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Response to the 2004-2005 influenza vaccine shortage in veterans with spinal cord injuries and disorders and their providers.

Evans CT, LaVela SL, Smith B, Wallace C, Goldstein B, Weaver FM. Response to the 2004-2005 influenza vaccine shortage in veterans with spinal cord injuries and disorders and their providers. The journal of spinal cord medicine. 2007 Jan 1; 30(1):20-6.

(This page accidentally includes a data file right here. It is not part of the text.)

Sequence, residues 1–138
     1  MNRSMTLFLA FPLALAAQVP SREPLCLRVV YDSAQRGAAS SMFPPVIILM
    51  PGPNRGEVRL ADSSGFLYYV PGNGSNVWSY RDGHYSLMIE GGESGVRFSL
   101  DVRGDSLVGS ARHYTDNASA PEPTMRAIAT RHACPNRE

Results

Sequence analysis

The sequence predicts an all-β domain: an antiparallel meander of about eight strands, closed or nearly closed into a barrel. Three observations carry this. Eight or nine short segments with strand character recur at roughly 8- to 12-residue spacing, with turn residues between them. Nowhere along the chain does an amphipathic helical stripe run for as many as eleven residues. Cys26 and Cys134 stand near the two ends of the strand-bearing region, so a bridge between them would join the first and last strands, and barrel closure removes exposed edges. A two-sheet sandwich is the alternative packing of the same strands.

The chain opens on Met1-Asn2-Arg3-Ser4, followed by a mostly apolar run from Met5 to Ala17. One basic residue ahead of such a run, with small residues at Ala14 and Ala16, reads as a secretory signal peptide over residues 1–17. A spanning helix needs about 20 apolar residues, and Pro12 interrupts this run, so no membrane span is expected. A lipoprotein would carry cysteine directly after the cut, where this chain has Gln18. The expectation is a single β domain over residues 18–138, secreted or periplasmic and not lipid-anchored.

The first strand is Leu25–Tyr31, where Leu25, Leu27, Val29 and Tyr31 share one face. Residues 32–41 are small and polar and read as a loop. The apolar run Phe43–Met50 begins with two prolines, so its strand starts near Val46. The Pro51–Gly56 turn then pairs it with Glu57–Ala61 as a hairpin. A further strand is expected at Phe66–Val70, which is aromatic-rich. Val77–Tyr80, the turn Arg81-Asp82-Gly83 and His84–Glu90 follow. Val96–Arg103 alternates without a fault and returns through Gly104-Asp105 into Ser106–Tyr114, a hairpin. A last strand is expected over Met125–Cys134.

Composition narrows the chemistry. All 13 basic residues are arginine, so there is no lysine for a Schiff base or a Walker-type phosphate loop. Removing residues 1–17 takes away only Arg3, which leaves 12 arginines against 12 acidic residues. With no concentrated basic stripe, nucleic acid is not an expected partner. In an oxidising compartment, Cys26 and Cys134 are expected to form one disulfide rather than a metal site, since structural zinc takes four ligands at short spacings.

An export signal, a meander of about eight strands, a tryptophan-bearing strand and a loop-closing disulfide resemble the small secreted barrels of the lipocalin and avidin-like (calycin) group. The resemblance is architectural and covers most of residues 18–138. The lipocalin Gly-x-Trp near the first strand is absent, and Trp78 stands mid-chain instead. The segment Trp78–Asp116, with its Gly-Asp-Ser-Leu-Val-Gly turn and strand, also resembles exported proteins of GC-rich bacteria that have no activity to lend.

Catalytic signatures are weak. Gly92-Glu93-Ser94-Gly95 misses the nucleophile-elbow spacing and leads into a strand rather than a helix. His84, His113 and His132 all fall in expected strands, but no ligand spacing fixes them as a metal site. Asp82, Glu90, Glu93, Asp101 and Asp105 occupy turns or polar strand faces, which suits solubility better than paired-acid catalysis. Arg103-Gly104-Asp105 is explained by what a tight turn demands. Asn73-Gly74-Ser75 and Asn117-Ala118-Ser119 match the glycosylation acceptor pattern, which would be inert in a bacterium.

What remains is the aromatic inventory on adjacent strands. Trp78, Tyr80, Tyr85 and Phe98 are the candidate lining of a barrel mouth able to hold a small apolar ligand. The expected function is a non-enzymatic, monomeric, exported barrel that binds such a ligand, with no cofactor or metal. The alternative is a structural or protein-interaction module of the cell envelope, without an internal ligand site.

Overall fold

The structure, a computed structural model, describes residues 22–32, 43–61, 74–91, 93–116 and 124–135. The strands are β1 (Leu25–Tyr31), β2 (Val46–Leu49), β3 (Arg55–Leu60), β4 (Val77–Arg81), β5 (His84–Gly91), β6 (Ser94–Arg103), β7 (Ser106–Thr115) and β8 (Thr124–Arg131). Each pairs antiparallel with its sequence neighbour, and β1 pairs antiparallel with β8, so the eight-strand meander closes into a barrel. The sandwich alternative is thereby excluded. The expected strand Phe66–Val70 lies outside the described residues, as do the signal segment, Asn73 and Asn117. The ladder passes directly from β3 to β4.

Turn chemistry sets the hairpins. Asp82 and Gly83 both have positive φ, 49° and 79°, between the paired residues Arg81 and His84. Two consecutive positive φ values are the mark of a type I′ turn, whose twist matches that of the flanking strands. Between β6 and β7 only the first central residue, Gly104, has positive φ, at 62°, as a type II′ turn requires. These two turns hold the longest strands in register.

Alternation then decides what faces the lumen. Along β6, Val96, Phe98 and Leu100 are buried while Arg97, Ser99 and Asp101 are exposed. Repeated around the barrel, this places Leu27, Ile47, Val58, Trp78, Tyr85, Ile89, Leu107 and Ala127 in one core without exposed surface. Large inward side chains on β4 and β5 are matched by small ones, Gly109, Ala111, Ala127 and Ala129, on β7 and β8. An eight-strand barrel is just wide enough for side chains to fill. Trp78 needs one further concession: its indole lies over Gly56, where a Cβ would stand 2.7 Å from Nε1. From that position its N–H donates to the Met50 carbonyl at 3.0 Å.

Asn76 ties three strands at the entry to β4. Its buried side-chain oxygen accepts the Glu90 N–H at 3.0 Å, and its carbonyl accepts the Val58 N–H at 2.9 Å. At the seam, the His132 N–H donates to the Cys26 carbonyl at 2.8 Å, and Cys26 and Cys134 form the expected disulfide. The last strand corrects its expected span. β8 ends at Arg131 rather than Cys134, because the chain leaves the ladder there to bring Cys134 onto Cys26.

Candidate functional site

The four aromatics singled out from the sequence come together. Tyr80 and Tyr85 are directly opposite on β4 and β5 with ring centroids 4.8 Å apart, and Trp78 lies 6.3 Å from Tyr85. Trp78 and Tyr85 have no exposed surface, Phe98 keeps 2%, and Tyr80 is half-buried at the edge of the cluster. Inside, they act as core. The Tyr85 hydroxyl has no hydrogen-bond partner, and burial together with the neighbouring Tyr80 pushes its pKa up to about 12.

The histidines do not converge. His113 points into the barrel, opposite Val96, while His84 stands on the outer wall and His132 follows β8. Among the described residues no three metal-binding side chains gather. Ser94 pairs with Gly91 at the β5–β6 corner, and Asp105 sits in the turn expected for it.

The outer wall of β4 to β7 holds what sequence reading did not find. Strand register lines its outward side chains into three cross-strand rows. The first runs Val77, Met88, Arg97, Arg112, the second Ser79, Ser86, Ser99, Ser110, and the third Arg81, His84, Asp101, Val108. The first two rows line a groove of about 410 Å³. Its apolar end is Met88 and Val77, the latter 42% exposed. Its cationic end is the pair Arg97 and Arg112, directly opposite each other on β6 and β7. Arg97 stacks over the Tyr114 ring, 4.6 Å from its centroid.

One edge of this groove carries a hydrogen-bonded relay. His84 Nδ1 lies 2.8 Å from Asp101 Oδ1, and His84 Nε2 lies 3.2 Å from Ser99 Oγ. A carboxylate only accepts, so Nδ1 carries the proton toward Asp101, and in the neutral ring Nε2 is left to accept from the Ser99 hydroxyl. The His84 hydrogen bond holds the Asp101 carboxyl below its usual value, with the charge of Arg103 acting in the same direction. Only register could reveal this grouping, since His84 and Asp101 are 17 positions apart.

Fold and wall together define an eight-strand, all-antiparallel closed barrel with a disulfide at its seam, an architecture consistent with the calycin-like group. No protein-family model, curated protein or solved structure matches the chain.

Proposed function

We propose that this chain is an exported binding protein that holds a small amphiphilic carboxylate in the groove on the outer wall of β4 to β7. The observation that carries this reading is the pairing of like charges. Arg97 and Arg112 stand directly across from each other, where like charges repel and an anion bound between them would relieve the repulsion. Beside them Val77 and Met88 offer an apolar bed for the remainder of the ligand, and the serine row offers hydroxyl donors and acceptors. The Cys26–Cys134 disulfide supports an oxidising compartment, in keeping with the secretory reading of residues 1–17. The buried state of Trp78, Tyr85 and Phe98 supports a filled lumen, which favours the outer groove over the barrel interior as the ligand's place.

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BACKGROUND/OBJECTIVES: To assess patient and provider behaviors regarding influenza vaccination, diagnosis, and testing strategies and the availability of influenza vaccine during the 2004-2005 nationwide influenza vaccine shortage. DESIGN/METHODS: Multisite, anonymous, cross-sectional surveys of patients and providers and qualitative interviews after the 2004-2005 influenza season. SETTING: Department of Veterans Affairs (VA) health care facilities with spinal cord injury centers or clinics. PARTICIPANTS: Stratified random sample of 3,958 veterans with spinal cord injuries and disorders (SCI and D; 31% response rate), 177 providers who treat persons with SCIandD, and 17 key informants. RESULTS: Most patient respondents (96.1%) reported awareness of a vaccine shortage (n = 938). When asked whether the shortage affected their ability to get the vaccine, 64.8% said they had no problem, whereas 12.1% reported an inability to get the vaccine. The vaccination rate was 71.8%; most veterans received the vaccine early (October-November) at the VA, and vaccination rates increased with age (P < 0.0001). Although vaccine shortages were reported by 47.5% of provider survey respondents (n = 177), most reported that the vaccine shortage did not affect availability of vaccine for patients with SCIandD. Few clinicians conducted diagnostic tests for influenza more often than in past years (4.9%). Although providers reported shortages at 12 centers (n = 23), patients with SCIandD had priority at 11 of 12 centers. CONCLUSIONS: Most patients were aware of the vaccine shortage, and the vaccination rate remained high and comparable with previous years. VA providers and facilities targeted SCIandD as a high-risk group and prioritized use of the limited vaccine supply for them.

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